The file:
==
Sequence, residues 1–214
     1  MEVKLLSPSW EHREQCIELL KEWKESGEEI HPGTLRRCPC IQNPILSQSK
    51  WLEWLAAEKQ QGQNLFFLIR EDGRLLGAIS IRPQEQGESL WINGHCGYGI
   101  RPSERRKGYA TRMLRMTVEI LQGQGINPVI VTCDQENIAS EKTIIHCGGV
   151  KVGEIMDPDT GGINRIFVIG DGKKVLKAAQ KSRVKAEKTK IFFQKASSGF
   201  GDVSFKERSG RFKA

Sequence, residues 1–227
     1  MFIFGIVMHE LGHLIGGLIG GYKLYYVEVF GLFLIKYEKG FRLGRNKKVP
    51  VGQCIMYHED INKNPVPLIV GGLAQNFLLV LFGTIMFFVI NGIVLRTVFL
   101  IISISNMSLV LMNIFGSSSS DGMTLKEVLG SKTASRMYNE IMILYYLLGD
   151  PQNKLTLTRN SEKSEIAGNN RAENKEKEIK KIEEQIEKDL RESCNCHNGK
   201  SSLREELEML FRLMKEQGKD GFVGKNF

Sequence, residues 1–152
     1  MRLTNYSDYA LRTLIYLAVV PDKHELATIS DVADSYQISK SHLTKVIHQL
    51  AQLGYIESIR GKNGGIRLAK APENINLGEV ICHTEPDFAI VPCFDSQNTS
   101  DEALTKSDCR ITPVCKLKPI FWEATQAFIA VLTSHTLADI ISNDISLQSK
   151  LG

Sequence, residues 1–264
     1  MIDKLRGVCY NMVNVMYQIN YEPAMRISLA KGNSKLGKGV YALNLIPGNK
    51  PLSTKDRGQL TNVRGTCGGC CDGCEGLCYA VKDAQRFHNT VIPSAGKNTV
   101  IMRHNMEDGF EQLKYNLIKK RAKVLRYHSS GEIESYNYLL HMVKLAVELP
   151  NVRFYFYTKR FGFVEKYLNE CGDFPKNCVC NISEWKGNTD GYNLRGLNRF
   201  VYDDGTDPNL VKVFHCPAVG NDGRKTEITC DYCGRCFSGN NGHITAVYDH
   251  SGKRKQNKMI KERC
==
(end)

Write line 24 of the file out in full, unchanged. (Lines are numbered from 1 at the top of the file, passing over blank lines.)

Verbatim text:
   251  SGKRKQNKMI KERC